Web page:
No one can deny the irrepressible force of British jazz music right now, as an abundance of artists are bursting out of London and elsewhere, bringing a once slept-on genre to the masses at festivals and shows.
And our own city of Brighton is getting a piece it over the next few months, with the likes of Joe-Armon Jones, Yussef Dayes, Yazmin Lacey and Ezra Collective passing through our seagull-heavy town. We’re looking to do our best to cover it on the magazine front, but you’d all be wise to get yourself down to shows arranged by the likes of One Inch Badge, Mr Bongo and Patterns.
Next up is Ezra Collective, the all-London all-star line-up that is pumping as much energy into the scene as anyone else.
An already sold-out show, see this is as more of a whetting of the appetite rather than some advice on whether or not to buy a ticket, as we anticipate the sounds that Ezra Collective will be serving onto your audible palette.
Stunning solos and a real sense of teamwork and togetherness cover both ends of the spectrum in terms of this groundbreaking group’s live experience. In the midst of a tour right now, expect them to be on fine, fine form as they stop my Mr Bongo’s Jazz Club en route to the likes of The Deaf Institue in Manchester before eventually hitting their hometown show at none other than Camden’s KOKO.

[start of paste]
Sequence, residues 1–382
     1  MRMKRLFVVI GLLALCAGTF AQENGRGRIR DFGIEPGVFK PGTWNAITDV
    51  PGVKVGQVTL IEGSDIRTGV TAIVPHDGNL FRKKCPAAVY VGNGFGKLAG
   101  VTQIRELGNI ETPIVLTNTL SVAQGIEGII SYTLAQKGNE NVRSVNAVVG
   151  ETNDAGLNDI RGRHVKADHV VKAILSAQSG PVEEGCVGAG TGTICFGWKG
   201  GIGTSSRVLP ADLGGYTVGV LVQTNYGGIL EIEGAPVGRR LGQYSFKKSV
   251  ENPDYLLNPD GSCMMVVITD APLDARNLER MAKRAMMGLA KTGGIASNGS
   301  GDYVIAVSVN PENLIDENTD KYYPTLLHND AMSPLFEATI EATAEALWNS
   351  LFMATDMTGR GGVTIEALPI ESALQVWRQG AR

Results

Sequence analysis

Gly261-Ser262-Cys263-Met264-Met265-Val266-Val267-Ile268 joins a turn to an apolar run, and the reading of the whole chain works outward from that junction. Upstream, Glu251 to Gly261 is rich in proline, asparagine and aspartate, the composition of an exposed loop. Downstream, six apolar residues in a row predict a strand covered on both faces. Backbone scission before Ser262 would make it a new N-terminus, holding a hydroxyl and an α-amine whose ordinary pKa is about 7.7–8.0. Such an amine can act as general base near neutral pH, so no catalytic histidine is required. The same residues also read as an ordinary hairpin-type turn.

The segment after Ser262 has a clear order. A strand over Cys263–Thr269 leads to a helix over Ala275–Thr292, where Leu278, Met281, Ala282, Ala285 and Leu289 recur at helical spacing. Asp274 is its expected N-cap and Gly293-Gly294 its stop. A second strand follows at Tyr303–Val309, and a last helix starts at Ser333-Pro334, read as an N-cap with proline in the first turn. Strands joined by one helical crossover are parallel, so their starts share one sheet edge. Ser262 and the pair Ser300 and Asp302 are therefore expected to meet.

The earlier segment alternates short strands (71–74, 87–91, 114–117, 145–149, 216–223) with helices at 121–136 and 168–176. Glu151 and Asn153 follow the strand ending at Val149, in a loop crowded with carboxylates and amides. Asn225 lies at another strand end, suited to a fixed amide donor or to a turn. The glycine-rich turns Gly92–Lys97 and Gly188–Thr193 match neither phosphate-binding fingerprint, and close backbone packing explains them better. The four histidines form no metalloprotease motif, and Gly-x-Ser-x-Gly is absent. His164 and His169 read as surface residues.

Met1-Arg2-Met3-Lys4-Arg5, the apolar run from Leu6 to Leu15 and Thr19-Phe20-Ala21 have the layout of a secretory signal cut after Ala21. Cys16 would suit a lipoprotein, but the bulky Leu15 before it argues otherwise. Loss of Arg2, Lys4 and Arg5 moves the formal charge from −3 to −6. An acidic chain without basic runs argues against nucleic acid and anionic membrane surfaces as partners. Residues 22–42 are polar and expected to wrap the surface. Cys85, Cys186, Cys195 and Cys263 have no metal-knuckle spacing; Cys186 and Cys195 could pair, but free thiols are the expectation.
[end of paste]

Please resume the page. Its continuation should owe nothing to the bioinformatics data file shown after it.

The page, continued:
If you’re lucky enough to have a ticket to see these guys, so crucial in this exciting wave of what is heralded as ‘jazz,’ expect to see some fast-paced, all-action drumming from Femi Koleoso, as evident on Mace Windu Riddim as it anywhere else. The celebrated Joe Armon-Jones, already having hit Patterns’ upstairs on his own tour, will be travelling up and down his keyboard which is quickly becoming one of the most iconic pieces of music equipment in the country.
Dylan Jones and James Mollison will put breathless performances in on the trumpet and tenor saxophone, respectively, bringing sounds that transcend jazz into realms of reggae, ska and at times, bringing it back to that raw, unrefined jazz that seems to always make jaws drop when showcased live. Finally, TJ Koleoso on bass, the brother of the aforementioned Femi, completes a quintet that feels as tightly-knit and cohesive as you’d expect from a musical upbringing experienced, enjoyed and experimented with, all together.
In so many ways, Ezra’s nature embodies this community of musicians that have been passing through our city in recent months, trading instrumental sessions and borrowing each other’s talents like you would ask a neighbour for milk (in the 1980s). As this collective, they all come together and bodies of work like their debut EP, Chapter 7 and more recent, Juan Pablo: The Philosopher are like the beautiful fruits of this organic fair trade.
If you’re sampling what Ezra Collective’s live show is like, tuck in.